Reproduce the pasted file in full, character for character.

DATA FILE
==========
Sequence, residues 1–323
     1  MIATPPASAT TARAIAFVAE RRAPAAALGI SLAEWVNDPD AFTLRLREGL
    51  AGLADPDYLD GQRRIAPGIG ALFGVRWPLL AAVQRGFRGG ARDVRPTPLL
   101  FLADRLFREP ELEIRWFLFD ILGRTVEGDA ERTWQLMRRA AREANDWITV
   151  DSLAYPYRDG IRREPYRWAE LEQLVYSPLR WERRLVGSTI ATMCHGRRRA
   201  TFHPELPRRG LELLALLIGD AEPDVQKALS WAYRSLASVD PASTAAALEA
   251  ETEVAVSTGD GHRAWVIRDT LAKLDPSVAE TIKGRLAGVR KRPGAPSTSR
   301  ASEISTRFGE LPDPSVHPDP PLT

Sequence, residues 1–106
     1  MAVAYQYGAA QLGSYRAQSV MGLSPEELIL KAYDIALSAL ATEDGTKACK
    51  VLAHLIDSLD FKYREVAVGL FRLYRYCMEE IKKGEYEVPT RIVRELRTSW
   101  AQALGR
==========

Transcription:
Sequence, residues 1–323
     1  MIATPPASAT TARAIAFVAE RRAPAAALGI SLAEWVNDPD AFTLRLREGL
    51  AGLADPDYLD GQRRIAPGIG ALFGVRWPLL AAVQRGFRGG ARDVRPTPLL
   101  FLADRLFREP ELEIRWFLFD ILGRTVEGDA ERTWQLMRRA AREANDWITV
   151  DSLAYPYRDG IRREPYRWAE LEQLVYSPLR WERRLVGSTI ATMCHGRRRA
   201  TFHPELPRRG LELLALLIGD AEPDVQKALS WAYRSLASVD PASTAAALEA
   251  ETEVAVSTGD GHRAWVIRDT LAKLDPSVAE TIKGRLAGVR KRPGAPSTSR
   301  ASEISTRFGE LPDPSVHPDP PLT

Sequence, residues 1–106
     1  MAVAYQYGAA QLGSYRAQSV MGLSPEELIL KAYDIALSAL ATEDGTKACK
    51  VLAHLIDSLD FKYREVAVGL FRLYRYCMEE IKKGEYEVPT RIVRELRTSW
   101  AQALGR